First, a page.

Bill declaring parks gun-free zones passes Board of Aldermen

Bill declaring parks gun-free zones passes Board of Aldermen

CITY HALL – People should be able to play in a park in peace. That’s the idea behind a bill officially declaring city parks as gun-free zones that passed the Board of Aldermen on Friday.

The bill handily passed the board in a 16-2 vote, with Third Ward Alderman Brandon Bosley and 24th Ward Alderman Bret Narayan casting “no” votes. But a handful questioned whether it would keep anybody with intent on using a gun out of a park and whether it might lead to an expensive lawsuit.

Board Bill 134 authorizes the city to place signs in all parks declaring they’re child care facilities, where state law prohibits firearms. 

Twentieth Ward Alderwoman Cara Spencer, the bill’s sponsor, said police often complained that they couldn’t do anything when people called them and said someone with a gun was in a park.

“Is this the ideal vehicle? Of course not,” Spencer said. “In an ideal world, the state of Missouri would understand the difference between rural Missouri and the city of St. Louis.

“I think we can recognize that the city of St. Louis is experiencing a health crisis in gun violence. We have too many guns proliferating every single aspect of our existence.”

“I’m sad to say that my 8-year-old can tell the difference between a gunshot and a firecracker. This is no way to live,” Spencer said. “We all live in fear of guns in every corner of our city. At the very least, our parks should be gun-free zones where our families and our children can experience a safe environment and one that is free from gun violence.”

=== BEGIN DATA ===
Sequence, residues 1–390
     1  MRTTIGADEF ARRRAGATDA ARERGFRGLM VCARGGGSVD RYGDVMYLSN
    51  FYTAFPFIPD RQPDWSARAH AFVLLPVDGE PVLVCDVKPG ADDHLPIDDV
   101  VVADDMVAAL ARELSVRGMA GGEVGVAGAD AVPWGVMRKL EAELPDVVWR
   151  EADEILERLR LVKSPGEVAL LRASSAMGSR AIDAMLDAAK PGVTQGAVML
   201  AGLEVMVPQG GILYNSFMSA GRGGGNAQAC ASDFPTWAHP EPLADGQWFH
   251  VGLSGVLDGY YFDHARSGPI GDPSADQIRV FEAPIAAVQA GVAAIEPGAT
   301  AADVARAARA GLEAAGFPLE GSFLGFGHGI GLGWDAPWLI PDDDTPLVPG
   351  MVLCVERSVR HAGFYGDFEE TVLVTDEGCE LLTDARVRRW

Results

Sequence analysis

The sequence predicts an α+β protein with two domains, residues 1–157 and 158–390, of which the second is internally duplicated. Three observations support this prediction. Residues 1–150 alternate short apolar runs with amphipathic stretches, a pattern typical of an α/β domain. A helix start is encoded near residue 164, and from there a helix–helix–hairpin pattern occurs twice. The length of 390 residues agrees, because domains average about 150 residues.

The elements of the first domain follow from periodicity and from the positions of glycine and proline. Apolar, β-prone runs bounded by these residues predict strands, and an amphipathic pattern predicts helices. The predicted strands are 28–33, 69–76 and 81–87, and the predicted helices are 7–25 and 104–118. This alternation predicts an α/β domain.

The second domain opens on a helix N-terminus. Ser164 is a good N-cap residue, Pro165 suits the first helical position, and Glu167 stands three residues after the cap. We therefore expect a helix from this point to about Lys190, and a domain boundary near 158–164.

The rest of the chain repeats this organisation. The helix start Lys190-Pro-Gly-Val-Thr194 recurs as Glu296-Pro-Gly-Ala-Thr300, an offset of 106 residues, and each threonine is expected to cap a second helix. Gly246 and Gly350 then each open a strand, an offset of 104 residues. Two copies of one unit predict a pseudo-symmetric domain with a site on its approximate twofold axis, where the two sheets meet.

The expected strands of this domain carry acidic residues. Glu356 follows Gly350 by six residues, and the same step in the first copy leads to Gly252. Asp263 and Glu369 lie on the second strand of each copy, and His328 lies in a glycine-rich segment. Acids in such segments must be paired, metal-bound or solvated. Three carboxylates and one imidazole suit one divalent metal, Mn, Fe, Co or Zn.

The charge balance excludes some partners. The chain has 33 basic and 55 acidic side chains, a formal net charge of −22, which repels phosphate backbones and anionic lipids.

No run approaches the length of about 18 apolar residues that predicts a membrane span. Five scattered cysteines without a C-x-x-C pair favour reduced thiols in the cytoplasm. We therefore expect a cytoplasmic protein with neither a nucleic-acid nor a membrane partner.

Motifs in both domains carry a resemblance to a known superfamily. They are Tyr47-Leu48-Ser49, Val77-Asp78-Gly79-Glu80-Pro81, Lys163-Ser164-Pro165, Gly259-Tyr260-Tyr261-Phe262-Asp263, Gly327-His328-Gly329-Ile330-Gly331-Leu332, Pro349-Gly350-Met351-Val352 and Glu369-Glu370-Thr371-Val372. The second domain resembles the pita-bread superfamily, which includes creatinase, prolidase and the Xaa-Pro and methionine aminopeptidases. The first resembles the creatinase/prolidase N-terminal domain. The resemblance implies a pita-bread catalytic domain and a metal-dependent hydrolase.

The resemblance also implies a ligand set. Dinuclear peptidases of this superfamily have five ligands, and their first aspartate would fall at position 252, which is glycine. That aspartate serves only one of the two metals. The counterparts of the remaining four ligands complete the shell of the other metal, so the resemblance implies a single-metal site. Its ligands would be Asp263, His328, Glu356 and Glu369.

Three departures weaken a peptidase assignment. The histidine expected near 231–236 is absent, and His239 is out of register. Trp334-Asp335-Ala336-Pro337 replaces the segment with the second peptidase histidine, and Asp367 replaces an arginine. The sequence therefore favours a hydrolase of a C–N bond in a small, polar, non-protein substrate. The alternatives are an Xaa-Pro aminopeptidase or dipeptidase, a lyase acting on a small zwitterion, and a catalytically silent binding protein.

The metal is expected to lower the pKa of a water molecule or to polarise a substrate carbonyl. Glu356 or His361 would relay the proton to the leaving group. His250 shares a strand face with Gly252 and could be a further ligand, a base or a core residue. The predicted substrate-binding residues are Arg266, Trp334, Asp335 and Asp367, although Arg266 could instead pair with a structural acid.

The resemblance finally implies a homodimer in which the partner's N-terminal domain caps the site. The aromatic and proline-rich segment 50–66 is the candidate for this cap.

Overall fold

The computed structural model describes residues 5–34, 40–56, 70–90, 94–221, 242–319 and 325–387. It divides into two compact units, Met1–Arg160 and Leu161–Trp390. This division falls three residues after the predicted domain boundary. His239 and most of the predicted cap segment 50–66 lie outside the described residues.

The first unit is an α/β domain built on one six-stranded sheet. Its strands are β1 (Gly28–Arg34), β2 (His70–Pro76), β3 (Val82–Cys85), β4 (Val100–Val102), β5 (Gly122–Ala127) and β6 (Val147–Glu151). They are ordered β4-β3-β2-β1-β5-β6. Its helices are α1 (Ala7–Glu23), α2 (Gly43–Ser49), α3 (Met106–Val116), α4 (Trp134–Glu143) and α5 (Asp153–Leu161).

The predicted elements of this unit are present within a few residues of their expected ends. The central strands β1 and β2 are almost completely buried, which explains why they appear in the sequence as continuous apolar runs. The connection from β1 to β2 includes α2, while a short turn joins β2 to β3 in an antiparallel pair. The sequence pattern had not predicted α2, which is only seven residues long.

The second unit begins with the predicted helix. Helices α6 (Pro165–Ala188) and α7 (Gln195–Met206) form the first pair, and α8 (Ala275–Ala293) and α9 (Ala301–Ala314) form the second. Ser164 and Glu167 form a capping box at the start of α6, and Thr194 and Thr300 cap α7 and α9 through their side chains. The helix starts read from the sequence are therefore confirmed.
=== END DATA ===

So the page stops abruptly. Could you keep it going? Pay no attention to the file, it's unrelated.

Twenty-Third Ward Alderman Joseph Vaccaro voted for the legislation but questioned whether it would do any good.

“The people that legally carry guns may honor that, but now we’re making a safe zone for the guys that illegally carry guns and come in to shoot somebody, realizing that they’ve got a pretty open target, and nobody else will have a gun,” Vaccaro said. 

Narayan said that he agreed with the concept but that the way the bill intended to do it didn’t work.

“It doesn’t add up to our common-sense definition of a park,” Narayan said. “We’re essentially allocating taxpayer dollars to something that is almost certain to get overturned in the legal challenges that will certainly be coming.”

However, 18th Ward Alderman Jesse Todd, who co-sponsored Spencer’s bill, said the bill would increase safety in parks.

“Our parks should be a place where families can go safely, where we emphasize equipment, baseball bats, picnics,” Todd said. “Guns shouldn’t be allowed in any parks. That’s no place for guns.”

In other action, aldermen took an initial vote in favor of a bill that outlaws the declawing of cats. The vote was 18-1, with only Vaccaro opposing it. 

The measure would also prohibit keeping animals outside when it’s 32 degrees or below or 93 degrees or higher. It also allows a combination of dog parks and restaurants with a variance.

Vaccaro said he agreed with everything in the bill except the part about declawing.

“I can’t support the part that says you can’t take your cat to have it declawed, because that’s a personal choice,” Vaccaro said. The sponsor, Sixth Ward Alderwoman Christine Ingrassia, turned down Vaccaro’s request to take that part out of the bill.

“The thought that declawing cats is to anyone’s benefit is outdated,” Ingrassia said.

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